4. Model requires an excessive amount of down trim or up trim. Likely cause fuselage has been 'bent' during covering resulting in incorrect wing tailplane incidence angles. Check wing tailplane incidences with plan and adjust as necessary by recovering the fuselage (remove tape carefully with hair dryer) taking care not to pre-tension the CW tape.
  5. Model 'tip' stalls i.e. drops a wing when slowed down. Possible cause a warped wing, (see above) or trying to fly too slowly.
  6. When looping into wind, wings level, the model 'corkscrews' out of the loop. Most likely cause, other than a warped wing, rudder not trimmed to neutral. Note direction of screw and adjust rudder trim. Try again ensuring model is pointing into wind and the wings are level throughout the loop. Repeat until satisfied.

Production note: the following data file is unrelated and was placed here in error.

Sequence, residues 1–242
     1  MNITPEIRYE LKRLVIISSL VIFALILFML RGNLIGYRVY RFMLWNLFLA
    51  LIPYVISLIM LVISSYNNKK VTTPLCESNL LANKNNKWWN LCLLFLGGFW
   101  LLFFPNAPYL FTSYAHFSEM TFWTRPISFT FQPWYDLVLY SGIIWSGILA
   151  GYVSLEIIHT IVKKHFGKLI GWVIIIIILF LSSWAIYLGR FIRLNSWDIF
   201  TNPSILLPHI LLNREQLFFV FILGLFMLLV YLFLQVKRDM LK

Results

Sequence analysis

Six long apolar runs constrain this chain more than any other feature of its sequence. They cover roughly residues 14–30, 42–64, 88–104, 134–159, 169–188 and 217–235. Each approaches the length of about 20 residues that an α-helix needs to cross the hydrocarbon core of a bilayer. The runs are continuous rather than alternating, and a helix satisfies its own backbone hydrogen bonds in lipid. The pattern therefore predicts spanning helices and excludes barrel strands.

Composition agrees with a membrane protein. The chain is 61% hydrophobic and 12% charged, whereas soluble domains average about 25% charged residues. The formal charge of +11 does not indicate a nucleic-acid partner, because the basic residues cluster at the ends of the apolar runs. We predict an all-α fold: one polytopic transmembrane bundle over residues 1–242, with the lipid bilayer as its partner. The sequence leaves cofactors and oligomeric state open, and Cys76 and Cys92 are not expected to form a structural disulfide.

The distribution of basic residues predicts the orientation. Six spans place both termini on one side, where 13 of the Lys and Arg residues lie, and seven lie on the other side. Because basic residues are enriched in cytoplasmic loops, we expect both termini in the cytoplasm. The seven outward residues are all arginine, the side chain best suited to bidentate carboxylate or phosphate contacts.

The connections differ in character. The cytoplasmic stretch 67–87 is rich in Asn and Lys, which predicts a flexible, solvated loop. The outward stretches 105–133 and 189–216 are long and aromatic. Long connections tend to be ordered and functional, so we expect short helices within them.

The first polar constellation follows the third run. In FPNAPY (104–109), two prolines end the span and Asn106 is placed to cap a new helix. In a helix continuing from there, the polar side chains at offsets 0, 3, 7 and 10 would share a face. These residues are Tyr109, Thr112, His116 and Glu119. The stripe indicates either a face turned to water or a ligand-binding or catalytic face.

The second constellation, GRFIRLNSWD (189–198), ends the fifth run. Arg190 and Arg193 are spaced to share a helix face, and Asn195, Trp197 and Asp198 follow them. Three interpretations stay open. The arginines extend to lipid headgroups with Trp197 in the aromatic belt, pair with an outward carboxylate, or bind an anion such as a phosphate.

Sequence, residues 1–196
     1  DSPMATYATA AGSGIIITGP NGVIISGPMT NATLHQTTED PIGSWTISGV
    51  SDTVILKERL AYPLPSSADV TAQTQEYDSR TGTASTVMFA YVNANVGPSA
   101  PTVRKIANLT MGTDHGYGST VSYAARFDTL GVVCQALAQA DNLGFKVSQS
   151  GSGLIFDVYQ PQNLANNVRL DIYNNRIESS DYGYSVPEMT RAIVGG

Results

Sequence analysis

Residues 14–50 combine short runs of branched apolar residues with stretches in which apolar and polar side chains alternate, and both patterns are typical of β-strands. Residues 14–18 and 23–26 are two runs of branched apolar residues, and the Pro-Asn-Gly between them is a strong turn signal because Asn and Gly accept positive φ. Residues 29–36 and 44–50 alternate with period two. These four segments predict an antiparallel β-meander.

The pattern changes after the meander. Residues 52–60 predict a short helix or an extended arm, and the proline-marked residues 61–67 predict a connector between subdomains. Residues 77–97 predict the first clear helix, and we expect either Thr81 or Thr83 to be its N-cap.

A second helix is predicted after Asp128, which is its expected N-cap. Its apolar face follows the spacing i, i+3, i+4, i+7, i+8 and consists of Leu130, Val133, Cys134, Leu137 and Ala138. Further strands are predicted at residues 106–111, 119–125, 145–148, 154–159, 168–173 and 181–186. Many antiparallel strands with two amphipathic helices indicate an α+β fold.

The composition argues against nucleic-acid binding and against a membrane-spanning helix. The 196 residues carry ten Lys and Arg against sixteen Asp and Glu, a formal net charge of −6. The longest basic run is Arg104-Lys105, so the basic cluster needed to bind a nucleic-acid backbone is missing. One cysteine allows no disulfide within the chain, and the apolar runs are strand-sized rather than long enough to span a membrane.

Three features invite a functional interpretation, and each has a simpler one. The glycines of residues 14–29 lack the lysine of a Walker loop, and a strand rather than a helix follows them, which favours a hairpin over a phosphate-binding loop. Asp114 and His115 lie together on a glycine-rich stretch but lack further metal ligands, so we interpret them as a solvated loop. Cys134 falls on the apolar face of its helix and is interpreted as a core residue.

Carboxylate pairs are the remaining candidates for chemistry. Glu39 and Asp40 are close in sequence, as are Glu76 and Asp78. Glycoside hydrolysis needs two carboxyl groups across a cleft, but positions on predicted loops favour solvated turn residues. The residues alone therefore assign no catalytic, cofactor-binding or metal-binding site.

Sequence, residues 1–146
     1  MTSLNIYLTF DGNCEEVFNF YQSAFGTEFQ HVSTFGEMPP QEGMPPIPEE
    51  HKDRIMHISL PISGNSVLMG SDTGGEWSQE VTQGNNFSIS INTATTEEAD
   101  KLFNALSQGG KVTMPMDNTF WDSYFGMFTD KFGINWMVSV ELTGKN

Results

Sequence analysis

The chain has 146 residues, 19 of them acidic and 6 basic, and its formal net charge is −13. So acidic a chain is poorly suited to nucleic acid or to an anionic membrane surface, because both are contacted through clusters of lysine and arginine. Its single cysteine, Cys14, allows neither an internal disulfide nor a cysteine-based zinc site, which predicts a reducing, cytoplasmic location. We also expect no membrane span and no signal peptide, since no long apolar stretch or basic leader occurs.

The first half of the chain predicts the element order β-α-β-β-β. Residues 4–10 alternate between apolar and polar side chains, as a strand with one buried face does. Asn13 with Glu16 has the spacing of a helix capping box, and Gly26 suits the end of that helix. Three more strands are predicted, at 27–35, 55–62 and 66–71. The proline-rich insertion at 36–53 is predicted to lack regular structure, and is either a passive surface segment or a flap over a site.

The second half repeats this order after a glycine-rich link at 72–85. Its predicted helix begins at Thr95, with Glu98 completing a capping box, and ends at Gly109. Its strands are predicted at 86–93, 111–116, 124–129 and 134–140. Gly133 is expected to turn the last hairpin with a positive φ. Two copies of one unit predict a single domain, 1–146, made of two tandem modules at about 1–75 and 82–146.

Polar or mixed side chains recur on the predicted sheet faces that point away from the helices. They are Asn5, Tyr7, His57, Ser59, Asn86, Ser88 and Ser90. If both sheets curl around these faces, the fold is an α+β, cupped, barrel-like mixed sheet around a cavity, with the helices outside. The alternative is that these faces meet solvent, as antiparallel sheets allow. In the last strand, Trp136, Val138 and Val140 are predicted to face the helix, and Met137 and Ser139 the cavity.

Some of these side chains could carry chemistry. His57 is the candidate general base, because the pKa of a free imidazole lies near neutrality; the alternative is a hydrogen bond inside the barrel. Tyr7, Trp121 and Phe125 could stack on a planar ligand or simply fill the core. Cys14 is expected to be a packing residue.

7. Engine sidethrust needs adjusting if, in a steep climb into wind, the model drifts to the left (more right thrust) or right (less right thrust) as the speed drops off.
  8. Model dives during a roll. Insufficient down elevator during the 'inverted' phase of the roll or lack of speed. Ensure model has sufficient speed to carry out the roll and start the roll with a slightly nose up attitude.
  9. Model dives in a turn. Most likely cause not enough up elevator applied in the turn. Watch the fuselage during the turn, keep it level.

Finally should you require further assistance or advice please contact us either by letter, telephone, email or visit our website ( where you can find lots useful information and our full catalogue.

Happy flying

Stan Yeo

Peppi 040502